Aladdin waited patiently for nearly three months, but after two had elapsed his mother, going into the city to buy oil, found every one rejoicing, and asked what was going on. “Do you not know,” was the answer, “that the son of the Grand Vizier is to marry the Sultan’s daughter to-night?” Breathless, she ran and told Aladdin, who was overwhelmed at first, but presently bethought him of the lamp. He rubbed it, and the genie appeared, saying: “What is thy will?” Aladdin replied: “The Sultan, as thou knowest, has broken his promise to me, and the Vizier’s son is to have the Princess. My command is that to-night you bring hither the bride and bridegroom.” “Master, I obey,” said the genie. Aladdin then went to his chamber, where, sure enough, at midnight the genie transported the bed containing the Vizier’s son and the Princess. “Take this new-married man,” he said, “and put him outside in the cold, and return at daybreak.” Whereupon the genie took the Vizier’s son out of bed, leaving Aladdin with the Princess. “Fear nothing,” Aladdin said to her; “you are my wife, promised to me by your unjust father, and no harm shall come to you.” The Princess was too frightened to speak, and passed the most miserable night of her life, while Aladdin lay down beside her and slept soundly. At the appointed hour the genie fetched in the shivering bridegroom, laid him in his place, and transported the bed back to the palace.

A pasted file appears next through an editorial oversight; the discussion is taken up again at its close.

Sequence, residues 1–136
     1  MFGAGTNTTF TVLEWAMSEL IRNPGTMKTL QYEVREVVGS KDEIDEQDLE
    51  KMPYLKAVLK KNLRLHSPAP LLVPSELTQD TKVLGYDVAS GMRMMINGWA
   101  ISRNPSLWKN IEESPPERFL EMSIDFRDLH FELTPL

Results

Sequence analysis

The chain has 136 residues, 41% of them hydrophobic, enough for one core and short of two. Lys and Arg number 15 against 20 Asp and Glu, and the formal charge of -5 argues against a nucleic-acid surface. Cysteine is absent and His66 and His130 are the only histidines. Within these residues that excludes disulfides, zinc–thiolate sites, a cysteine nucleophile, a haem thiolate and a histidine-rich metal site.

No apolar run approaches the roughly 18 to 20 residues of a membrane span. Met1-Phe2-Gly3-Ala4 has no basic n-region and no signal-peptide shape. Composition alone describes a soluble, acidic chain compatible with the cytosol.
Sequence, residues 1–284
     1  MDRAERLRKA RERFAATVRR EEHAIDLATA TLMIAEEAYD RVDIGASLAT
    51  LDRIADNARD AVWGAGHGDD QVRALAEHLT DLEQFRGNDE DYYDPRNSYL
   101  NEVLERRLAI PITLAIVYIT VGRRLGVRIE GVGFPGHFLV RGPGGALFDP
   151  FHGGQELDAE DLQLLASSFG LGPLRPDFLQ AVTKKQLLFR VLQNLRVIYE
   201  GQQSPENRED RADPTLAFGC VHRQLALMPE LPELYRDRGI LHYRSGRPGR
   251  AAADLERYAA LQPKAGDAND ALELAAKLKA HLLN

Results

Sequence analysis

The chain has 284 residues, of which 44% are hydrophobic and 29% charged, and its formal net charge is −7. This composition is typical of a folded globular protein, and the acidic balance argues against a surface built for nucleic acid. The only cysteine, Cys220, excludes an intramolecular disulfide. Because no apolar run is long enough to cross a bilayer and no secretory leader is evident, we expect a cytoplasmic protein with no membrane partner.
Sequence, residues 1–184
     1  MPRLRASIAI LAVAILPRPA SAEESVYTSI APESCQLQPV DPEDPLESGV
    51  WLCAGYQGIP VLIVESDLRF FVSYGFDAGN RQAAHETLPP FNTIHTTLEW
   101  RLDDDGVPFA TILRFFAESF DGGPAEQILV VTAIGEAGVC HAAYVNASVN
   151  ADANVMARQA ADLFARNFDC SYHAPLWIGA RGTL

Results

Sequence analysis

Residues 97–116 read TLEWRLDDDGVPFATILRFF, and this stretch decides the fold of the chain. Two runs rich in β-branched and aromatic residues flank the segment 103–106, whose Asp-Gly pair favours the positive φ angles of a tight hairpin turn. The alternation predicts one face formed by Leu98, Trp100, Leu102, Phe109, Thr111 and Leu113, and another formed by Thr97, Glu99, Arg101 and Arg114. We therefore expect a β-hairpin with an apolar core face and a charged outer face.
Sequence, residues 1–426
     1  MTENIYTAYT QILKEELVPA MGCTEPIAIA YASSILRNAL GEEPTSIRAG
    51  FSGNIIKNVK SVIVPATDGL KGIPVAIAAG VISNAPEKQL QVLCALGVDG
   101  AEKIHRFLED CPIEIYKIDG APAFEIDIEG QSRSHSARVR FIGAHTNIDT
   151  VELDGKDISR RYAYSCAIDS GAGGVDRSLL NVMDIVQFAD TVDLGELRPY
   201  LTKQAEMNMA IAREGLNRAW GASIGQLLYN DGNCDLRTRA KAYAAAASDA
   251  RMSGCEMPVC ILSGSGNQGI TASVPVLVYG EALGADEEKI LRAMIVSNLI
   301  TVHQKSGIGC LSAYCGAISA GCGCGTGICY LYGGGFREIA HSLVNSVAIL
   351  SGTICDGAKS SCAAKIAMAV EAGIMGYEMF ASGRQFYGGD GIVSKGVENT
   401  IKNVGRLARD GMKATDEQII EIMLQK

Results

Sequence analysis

Presently the Sultan came to wish his daughter good-morning. The unhappy Vizier’s son jumped up and hid himself, while the Princess would not say a word, and was very sorrowful. The Sultan sent her mother to her, who said: “How comes it, child, that you will not speak to your father? What has happened?” The Princess sighed deeply, and at last told her mother how, during the night, the bed had been carried into some strange house, and what had passed there. Her mother did not believe her in the least, but bade her rise and consider it an idle dream.
From The Blue Fairy Book, edited by Andrew Lang.Longmans, Green and Co., 1922.